I’ve long been a fan of Devanshu Mehta’s blog Deep Backward Point, but I am an ever bigger fan of his side project, Teesra. It started off as a sort of “What if The Onion covered cricket?” but it’s now something more. Devanshu understands that cricket blogs — and blogs in general — are outdated; we prefer tweets, gifs, and images, and in many ways, they are often better in the service of a good argument. For an excellent example, take a look at Devanshu’s post on the Dominica Test match, in which he nicely weaves together statistics, graphics, and text in one compelling narrative.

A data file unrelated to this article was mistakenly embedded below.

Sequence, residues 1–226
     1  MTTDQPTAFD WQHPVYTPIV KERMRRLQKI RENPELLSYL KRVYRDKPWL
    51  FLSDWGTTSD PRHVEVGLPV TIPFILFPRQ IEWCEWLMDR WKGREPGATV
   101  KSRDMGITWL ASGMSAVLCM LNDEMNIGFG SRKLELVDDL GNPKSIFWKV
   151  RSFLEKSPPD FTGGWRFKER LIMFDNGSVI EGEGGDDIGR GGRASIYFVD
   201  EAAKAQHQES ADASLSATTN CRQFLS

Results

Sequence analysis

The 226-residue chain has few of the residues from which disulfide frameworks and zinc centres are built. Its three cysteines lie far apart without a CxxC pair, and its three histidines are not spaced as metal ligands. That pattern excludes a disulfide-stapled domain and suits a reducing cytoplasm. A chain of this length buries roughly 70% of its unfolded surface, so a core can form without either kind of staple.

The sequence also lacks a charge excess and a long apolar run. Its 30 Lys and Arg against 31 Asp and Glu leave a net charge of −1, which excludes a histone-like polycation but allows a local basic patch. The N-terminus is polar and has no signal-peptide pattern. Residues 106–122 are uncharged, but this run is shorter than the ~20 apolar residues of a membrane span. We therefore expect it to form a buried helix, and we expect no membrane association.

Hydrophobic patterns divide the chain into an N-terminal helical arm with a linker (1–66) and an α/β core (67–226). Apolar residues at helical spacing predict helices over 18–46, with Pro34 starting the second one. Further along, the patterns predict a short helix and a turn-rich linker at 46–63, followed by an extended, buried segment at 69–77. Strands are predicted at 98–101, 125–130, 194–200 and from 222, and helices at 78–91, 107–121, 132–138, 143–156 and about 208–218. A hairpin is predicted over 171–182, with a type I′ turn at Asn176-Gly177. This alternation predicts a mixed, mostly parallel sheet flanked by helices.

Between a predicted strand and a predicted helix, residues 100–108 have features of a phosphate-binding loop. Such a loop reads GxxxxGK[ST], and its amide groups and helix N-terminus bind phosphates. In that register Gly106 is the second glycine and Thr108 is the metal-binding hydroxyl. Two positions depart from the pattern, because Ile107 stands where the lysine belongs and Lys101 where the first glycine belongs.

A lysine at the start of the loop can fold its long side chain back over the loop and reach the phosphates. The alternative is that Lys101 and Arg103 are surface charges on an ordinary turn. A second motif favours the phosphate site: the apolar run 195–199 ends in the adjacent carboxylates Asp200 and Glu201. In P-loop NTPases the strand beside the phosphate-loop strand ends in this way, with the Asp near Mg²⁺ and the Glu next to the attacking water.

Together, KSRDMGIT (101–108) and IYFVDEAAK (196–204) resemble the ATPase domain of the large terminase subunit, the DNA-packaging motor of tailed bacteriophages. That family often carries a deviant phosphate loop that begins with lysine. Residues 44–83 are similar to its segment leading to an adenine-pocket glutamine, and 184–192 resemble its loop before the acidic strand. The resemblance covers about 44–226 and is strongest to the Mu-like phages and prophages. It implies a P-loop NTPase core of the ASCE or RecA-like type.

I’m aware of the irony of using a blog to condemn blogging, but that’s not what I’m trying to do. I think there’s a proper place for people like Kartikeya who need thousands of words to diligently analyze a particular issue. And there’s demand for that! But blogging, at least done traditionally, also tends to encourage a top-down relationship between author and the reader. That’s not necessarily a bad thing (I bow down everyday to my Old Batsman shrine), but it’s not taking full advantage of the Internet’s possibilities. Too much of cricket is top-down, and that’s a trend that will likely worsen as more corporate money floods the market. For too long, the reigning image of the cricket fan has involved him/her sitting idly in front of a television screen. But now we too have the power to create our own stories, to remix our sport, and to make it ours. If that means dressing up like a big bear (a la The Two Chucks), or turning Chris Gayle’s power into a series of GIFs, or approaching the ICC cricket rules as a lawyer would, or reaching out to cricket greats and interviewing them for a podcast series, or getting a bunch of friends together to provide your own brand of commentary…then, you’re doing something right and great. This is our generation’s pitch invasion.